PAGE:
Advertisement

Implementation Science

, 13:8 | Cite as

MAGnesium sulphate for fetal neuroprotection to prevent Cerebral Palsy (MAG-CP)—implementation of a national guideline in Canada

  • Dane A. De Silva
  • Anne R. Synnes
  • Peter von Dadelszen
  • Tang Lee
  • Jeffrey N. Bone
  • MAG-CP, CPN and CNN collaborative groups
  • Laura A. Magee
Open Access
Research

Abstract

Background

Evidence supports magnesium sulphate (MgSO4) for women at risk of imminent birth at < 32–34 weeks to reduce the likelihood of cerebral palsy in the child. MAGnesium sulphate for fetal neuroprotection to prevent Cerebral Palsy (MAG-CP) was a multifaceted knowledge translation (KT) strategy for this practice.

Methods

The KT strategy included national clinical practice guidelines, a national online e-learning module and, at MAG-CP sites, educational rounds, focus group discussions and surveys of barriers and facilitators. Participating sites contributed data on pregnancies with threatened very preterm birth. In an interrupted time-series study design, MgSO4 use for fetal neuroprotection (NP) was tracked prior to (Aug 2005–May 2011) and during (Jun 2011–Sept 2015) the KT intervention. Effectiveness of the strategy was measured by optimal MgSO4 use (i.e. administration when and only when indicated) over time, evaluated by a segmented generalised estimating equations logistic regression (p < 0.05 significant). Secondary outcomes included maternal effects and, using the Canadian Neonatal Network (CNN) database, national trends in MgSO4 use for fetal NP and associated neonatal resuscitation. With an anticipated recruitment of 3752 mothers over 4 years at Canadian Perinatal Network sites, we anticipated > 95% power to detect an increase in optimal MgSO4 use for fetal NP from < 5 to 80% (2-sided, alpha 0.05) and at least 80% power to detect any increases observed in maternal side effects from RCTs.

Results

Seven thousand eight hundred eighty-eight women with imminent preterm birth were eligible for MgSO4 for fetal NP: 4745 pre-KT (18 centres) and 3143 during KT (11 centres). The KT intervention was associated with an 84% increase in the odds of optimal use (OR 1.00 to 1.84, p < 0.001), a reduction in the odds of underuse (OR 1.00 to 0.47, p < 0.001) and an increase in suboptimal use (too early or at ≥ 32 weeks; OR 1.18 to 2.18, p < 0.001) of MgSO4 for fetal NP. Maternal hypotension was uncommon (7/1512, 0.5%). Nationally, intensive neonatal resuscitation decreased (p = 0.024) despite rising MgSO4 use for fetal NP (p < 0.001).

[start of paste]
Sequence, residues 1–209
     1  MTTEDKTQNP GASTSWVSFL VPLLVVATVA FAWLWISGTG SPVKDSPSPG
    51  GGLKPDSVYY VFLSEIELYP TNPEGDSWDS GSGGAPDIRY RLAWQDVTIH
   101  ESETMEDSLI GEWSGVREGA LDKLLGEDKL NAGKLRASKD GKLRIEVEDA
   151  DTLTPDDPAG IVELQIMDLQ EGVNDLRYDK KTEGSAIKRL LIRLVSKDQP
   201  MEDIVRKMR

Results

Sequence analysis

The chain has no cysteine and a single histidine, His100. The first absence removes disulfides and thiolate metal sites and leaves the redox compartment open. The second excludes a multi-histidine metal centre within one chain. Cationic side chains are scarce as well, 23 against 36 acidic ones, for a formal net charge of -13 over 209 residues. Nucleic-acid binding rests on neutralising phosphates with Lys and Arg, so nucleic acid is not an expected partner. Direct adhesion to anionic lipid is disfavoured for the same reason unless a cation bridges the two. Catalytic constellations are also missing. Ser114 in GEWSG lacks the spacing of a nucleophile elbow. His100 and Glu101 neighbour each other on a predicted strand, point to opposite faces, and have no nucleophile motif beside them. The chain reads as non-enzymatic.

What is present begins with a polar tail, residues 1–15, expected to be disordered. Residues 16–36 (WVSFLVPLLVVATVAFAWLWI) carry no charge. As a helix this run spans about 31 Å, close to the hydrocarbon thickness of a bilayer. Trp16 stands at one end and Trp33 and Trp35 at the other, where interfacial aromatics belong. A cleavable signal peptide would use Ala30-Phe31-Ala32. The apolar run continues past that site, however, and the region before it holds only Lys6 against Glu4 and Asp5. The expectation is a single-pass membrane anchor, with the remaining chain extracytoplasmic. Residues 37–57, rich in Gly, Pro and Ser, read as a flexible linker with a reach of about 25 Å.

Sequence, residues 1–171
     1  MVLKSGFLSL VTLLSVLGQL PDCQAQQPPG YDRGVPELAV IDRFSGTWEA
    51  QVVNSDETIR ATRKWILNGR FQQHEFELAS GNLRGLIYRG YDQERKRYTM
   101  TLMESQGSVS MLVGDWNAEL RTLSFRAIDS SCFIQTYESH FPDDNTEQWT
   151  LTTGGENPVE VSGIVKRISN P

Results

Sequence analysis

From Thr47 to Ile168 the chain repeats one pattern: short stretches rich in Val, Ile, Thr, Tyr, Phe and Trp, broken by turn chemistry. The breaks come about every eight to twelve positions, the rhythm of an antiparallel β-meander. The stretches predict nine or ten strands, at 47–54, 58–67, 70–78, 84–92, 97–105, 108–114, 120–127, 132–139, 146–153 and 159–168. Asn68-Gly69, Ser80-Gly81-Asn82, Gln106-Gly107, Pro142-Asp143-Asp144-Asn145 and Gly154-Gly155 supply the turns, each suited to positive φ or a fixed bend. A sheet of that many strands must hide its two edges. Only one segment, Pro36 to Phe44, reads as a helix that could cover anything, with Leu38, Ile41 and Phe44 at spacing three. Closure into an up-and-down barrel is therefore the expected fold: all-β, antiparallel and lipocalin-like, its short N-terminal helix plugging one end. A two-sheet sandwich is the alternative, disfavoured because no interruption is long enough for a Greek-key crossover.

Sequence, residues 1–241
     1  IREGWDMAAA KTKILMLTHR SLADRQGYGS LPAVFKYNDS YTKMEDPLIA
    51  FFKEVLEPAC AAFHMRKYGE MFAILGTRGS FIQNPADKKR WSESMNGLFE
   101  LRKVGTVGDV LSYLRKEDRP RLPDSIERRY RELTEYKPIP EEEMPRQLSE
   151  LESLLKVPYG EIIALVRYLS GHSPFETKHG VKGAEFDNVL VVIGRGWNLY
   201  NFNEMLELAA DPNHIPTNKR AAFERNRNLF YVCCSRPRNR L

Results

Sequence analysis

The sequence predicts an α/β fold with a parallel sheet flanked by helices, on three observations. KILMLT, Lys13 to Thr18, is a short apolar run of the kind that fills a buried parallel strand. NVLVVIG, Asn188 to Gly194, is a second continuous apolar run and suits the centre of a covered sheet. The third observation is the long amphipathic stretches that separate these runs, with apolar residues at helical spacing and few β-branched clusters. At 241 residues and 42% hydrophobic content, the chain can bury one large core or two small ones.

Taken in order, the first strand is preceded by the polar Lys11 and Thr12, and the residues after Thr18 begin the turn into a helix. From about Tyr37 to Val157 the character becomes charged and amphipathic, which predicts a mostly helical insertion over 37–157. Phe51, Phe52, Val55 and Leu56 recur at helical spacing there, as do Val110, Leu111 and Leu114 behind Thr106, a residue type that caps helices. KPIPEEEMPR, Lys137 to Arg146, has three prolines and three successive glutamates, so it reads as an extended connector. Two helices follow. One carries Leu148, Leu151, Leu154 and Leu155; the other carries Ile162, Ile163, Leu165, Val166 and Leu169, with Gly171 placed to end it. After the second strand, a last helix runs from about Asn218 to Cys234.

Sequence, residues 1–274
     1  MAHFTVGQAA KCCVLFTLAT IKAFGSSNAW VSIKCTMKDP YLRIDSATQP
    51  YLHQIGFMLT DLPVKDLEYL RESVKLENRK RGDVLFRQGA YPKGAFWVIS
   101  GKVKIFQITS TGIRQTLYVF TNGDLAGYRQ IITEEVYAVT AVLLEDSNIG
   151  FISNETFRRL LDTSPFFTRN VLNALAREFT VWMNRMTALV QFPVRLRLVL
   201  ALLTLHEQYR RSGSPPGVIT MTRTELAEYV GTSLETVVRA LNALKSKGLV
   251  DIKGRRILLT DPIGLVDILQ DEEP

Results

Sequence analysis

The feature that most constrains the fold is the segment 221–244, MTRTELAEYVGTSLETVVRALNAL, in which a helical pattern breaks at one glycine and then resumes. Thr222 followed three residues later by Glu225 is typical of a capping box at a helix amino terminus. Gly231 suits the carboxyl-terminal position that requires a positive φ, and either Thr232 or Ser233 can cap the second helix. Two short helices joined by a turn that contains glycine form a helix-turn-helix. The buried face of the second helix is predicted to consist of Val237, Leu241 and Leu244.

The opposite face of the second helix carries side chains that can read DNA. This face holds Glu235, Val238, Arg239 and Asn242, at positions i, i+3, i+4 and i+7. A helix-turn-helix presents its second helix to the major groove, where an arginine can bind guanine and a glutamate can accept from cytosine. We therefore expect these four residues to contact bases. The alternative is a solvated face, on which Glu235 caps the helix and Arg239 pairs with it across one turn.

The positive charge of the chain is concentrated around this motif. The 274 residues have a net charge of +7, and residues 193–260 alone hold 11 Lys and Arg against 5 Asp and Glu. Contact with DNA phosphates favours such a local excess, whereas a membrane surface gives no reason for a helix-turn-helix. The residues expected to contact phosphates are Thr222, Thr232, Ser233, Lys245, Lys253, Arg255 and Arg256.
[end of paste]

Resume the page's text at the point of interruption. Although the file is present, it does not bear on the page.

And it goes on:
Conclusion

Multifaceted KT was associated with significant increases in use of MgSO4 for fetal NP, with neither important maternal nor neonatal risks.

Keywords

Preterm birth Fetal neuroprotection Magnesium sulphate Cerebral palsy Knowledge translation Implementation Interrupted time-series 

Abbreviations

B&F

Barriers and Facilitators

CIHR

Canadian Institutes of Health Research

CNN

Canadian Neonatal Network

CP

Cerebral palsy

CPN

Canadian Perinatal Network

GEE

Generalised estimating equations

IUGR

Intrauterine growth restriction

KT

Knowledge translation

MAG-CP

MAGnesium sulphate for fetal neuroprotection to prevent Cerebral Palsy

MgSO4

Magnesium sulphate

NICU

Neonatal intensive care unit

NP

Neuroprotection

PPROM

Preterm pre-labour rupture of membranes

SOGC

Society of Obstetricians and Gynaecologists of Canada

Background

Complicating approximately 10% of births, prematurity remains a major cause of perinatal mortality and morbidity, especially cerebral palsy (CP) [1, 2, 3]. Although survival rates of babies born preterm have risen, there has been no parallel fall in neurodevelopmental impairment rates, especially among babies born very preterm at < 32 weeks’ gestation [4].

By 2009, meta-analyses of randomised controlled trials (published between 2002 and 2008 [5, 6, 7, 8]) had shown that antenatal MgSO4 administered for fetal neuroprotection (NP) at < 32–34 weeks reduces the likelihood of CP (relative risk (RR) 0.68 [0.54, 0.87]) [9, 10, 11]. However, controversies remained about this therapy, including concerns about potential effects of MgSO4 on fetal heart rate [12] and increased neonatal resuscitation [13], a lack of understanding of the neuroprotective mechanism of action [14] and inadequate studies describing long-term adverse paediatric outcomes other than CP.